4 Replies Latest reply: Feb 7, 2013 12:27 PM by m0xee
m0xee Level 1 Level 1 (0 points)

Nope, I really don't have the SL DVD with me, not here, not usually, not often at all actually.  I don't know anyone that carries the pack with them.  Some of we users don't even come home for a couple of months.  Yep, weird people, eh?  Hard to believe, isn't it? 




I'm running Snow Leopard 10.6.8.  I have a MBP (early? 2006).  My hard disk has had numerous survivable errors before I went on this holiday, and now it's time to push off with this hard disk too soon before I depart..  Every restart is a chance that it won't start up again.  I have to startup in single user mode and then exit out of the shell to actually (almost force) it to start into the system login screen.  Yes, this is bad, and I have to end this soap opera.  I have also a spare empty disk that I've taken though, and I've made that the time machine backup disk (TMBD) for the last two months of this saga.  The owner of this place has an eMac with 10.5, but he can't find his DVD, only the original restore disks.




What I want to do is make a bootable USB flash (drive / stick) using the powerful built-in Darwin / Mac OS X system. I have a 4GB USB stick easy and can possibly sacrifice a 32GB if I need it.  All I need is to use the terminal, command line, and/or shell to run diskutil, dd, and/or a time machine if it's available via the shell.  I want to send a snapshot of my startup hard disk image to my TMBD.  Then I'll format my startup disk and put the stuff back on there.




What I want to do is make a bootable USB flash (drive / stick).  I want to use time machine (bulkier on the USB) to pull off my last backup from my TMBD to re-image the startup hard disk in my MBP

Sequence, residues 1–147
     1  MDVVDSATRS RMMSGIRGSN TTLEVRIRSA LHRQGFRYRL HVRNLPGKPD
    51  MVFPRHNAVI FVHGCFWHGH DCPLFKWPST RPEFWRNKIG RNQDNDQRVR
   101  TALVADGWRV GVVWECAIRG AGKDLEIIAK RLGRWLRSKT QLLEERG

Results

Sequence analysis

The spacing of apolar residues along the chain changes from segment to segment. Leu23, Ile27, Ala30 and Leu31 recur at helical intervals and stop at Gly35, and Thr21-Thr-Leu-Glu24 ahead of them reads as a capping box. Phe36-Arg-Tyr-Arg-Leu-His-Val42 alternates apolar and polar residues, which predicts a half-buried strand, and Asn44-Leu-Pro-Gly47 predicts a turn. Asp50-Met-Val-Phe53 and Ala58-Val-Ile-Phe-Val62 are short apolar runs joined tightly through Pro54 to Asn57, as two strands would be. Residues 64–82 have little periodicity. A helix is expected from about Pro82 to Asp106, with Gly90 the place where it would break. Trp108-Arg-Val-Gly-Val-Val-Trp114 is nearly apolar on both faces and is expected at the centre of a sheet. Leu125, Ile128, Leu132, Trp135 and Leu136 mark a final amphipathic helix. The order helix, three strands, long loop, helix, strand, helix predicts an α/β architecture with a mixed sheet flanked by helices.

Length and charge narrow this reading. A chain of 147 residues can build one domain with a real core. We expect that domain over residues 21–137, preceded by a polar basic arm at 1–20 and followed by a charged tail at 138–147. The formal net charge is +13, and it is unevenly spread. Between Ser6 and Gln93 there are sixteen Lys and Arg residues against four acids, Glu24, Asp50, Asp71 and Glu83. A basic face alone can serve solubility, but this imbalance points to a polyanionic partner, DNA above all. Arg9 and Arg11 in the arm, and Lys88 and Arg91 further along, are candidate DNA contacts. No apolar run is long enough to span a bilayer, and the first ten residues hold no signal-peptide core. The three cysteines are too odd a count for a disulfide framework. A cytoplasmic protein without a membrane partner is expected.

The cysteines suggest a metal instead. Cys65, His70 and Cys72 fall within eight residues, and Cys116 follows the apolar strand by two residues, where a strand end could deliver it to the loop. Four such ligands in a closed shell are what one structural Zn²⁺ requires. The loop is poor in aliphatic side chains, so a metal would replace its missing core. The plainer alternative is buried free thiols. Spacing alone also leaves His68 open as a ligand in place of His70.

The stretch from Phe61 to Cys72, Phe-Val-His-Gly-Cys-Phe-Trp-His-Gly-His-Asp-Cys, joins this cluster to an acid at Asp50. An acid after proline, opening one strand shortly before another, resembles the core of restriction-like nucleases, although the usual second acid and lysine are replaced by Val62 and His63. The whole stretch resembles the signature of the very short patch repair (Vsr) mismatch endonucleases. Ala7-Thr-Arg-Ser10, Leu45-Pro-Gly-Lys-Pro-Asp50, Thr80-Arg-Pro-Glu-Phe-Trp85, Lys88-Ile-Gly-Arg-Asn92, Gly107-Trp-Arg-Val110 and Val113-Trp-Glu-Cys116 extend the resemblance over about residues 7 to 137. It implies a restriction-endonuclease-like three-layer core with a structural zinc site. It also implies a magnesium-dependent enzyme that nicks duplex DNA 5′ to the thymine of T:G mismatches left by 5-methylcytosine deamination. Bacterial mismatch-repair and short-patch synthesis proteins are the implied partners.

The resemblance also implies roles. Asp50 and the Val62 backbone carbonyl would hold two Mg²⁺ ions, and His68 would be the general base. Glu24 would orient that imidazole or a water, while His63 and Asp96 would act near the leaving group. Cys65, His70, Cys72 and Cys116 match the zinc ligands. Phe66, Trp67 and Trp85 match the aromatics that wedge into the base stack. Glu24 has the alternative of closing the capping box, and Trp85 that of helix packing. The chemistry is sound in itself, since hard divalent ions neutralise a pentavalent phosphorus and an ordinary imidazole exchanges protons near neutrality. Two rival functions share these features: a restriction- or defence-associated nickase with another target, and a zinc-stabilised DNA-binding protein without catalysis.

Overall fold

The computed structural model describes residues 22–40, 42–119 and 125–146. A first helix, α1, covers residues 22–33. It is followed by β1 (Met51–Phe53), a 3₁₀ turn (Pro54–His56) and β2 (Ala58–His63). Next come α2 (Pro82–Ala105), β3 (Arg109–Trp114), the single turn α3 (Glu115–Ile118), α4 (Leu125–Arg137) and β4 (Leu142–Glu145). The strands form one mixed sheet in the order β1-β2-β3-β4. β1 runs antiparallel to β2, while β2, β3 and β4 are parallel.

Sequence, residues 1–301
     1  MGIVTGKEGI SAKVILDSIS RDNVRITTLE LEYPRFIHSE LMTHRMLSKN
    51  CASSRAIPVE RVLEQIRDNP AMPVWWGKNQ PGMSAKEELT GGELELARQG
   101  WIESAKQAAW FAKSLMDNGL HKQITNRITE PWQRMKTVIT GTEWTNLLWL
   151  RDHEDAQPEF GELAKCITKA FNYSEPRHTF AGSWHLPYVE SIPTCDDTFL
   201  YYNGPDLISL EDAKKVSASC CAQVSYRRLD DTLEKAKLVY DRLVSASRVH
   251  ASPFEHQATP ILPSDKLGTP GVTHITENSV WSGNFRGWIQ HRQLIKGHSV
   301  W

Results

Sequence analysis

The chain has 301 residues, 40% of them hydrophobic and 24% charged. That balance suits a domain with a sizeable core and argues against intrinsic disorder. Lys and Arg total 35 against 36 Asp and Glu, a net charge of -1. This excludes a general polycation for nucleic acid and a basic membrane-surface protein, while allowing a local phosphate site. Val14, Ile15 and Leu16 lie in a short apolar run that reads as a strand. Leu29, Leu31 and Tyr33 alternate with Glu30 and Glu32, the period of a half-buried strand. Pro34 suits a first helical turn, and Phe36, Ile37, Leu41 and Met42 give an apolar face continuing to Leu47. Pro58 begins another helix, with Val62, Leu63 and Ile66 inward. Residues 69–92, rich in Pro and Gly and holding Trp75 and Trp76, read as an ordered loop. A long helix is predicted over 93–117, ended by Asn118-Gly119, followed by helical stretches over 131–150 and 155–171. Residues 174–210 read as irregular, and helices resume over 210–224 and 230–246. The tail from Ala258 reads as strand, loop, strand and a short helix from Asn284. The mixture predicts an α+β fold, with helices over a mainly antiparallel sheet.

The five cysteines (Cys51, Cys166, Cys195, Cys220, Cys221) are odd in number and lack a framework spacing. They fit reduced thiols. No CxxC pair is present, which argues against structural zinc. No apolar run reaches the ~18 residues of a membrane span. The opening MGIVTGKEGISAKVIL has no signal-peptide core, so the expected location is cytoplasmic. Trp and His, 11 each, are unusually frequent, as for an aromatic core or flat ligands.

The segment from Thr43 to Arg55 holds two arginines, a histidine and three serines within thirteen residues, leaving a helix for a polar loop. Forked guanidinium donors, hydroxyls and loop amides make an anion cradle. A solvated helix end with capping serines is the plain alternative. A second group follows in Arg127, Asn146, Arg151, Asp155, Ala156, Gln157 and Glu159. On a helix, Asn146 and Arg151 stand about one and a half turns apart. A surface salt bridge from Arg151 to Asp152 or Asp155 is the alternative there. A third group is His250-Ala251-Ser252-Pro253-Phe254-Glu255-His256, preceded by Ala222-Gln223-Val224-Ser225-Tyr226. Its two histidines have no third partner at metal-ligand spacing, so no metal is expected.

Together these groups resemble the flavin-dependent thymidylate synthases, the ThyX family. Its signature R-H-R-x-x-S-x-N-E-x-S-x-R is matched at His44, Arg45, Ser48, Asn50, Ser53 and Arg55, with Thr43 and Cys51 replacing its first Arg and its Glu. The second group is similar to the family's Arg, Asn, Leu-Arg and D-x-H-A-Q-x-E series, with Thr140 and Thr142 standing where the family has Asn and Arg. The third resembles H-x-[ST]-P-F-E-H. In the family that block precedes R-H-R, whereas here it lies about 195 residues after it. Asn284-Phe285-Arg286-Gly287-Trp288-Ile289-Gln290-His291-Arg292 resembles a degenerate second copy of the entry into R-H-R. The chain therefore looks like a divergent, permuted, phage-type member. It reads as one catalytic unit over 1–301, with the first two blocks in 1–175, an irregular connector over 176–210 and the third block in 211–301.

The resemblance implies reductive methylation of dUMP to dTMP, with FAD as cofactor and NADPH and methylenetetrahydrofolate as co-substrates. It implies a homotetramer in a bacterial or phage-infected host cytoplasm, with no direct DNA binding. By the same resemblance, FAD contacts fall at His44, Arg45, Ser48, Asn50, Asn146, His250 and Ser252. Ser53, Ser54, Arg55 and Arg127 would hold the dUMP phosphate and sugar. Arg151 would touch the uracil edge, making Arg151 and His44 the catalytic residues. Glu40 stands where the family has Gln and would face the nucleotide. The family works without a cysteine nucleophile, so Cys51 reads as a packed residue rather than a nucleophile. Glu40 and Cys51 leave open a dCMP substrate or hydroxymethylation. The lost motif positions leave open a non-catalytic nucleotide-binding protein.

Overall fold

I don't know, can I use his eMac with 10.5 to put my system into target disk mode, attach my TMBD to his computer and restore my system after his Disk Utility does some magic?  For one, I don't know if his system is clean, such as where indeed he got the 10.5 from if it was legit at all. Secondly, it is 10.5, and I'm not running that.  I wonder of a TM restore would be ugly, so I'm apprehensive about going on this route.




I'm perplexed as to why so many people running around saying to use free yet proprietary tools such as SuperDuper or Carbon Copy Cloner (CCC) when I know for a fact that my machine has a boot sector, boots up, boots up just about fine with a little bit of help because it has a damaged file system, and I can copy key components to a USB and bless it to get it to work.  I am not coughing up the $19 for Lion not because I don't have the money, but it's because it's pointless when I have the tools right here in front of me and can get it done.  I can't find a single resource that discusses doing this.  I'm relatively sure that I can get those in less than 4GB since that's all I need.  I just need the technical specifics or at least some info to piece together a working model from other resources on the Internet.



Anybody want to take a whack at this?  What are some other sites I should be posting?  I'm a bit stumped on what first steps I should take.  Also, where did the UNIX forum go?  I thought that would be the best route to post.

  • ds store Level 7 Level 7 (30,320 points)

    Well you certainly "Think differently" to say the least after reading your post.


    You really can't restore a corrupted OS X system and backups without a clean copy of the original OS on the disk.


    10.5 isn't going to help you much, except to wipe a drive of all data as it's a older OS version.



    All I can say is to run through these User Tips and call Apple to send you a 10.6 machine specific or 10.6.3 white retail disk (depends upon what OS X version came on your Mac) and proceed from that to recover your data and then rebuild your machines software on a new drive.


    If you can't do it, then have a local Mac specialist do it all for you.


    Good luck



  • m0xee Level 1 Level 1 (0 points)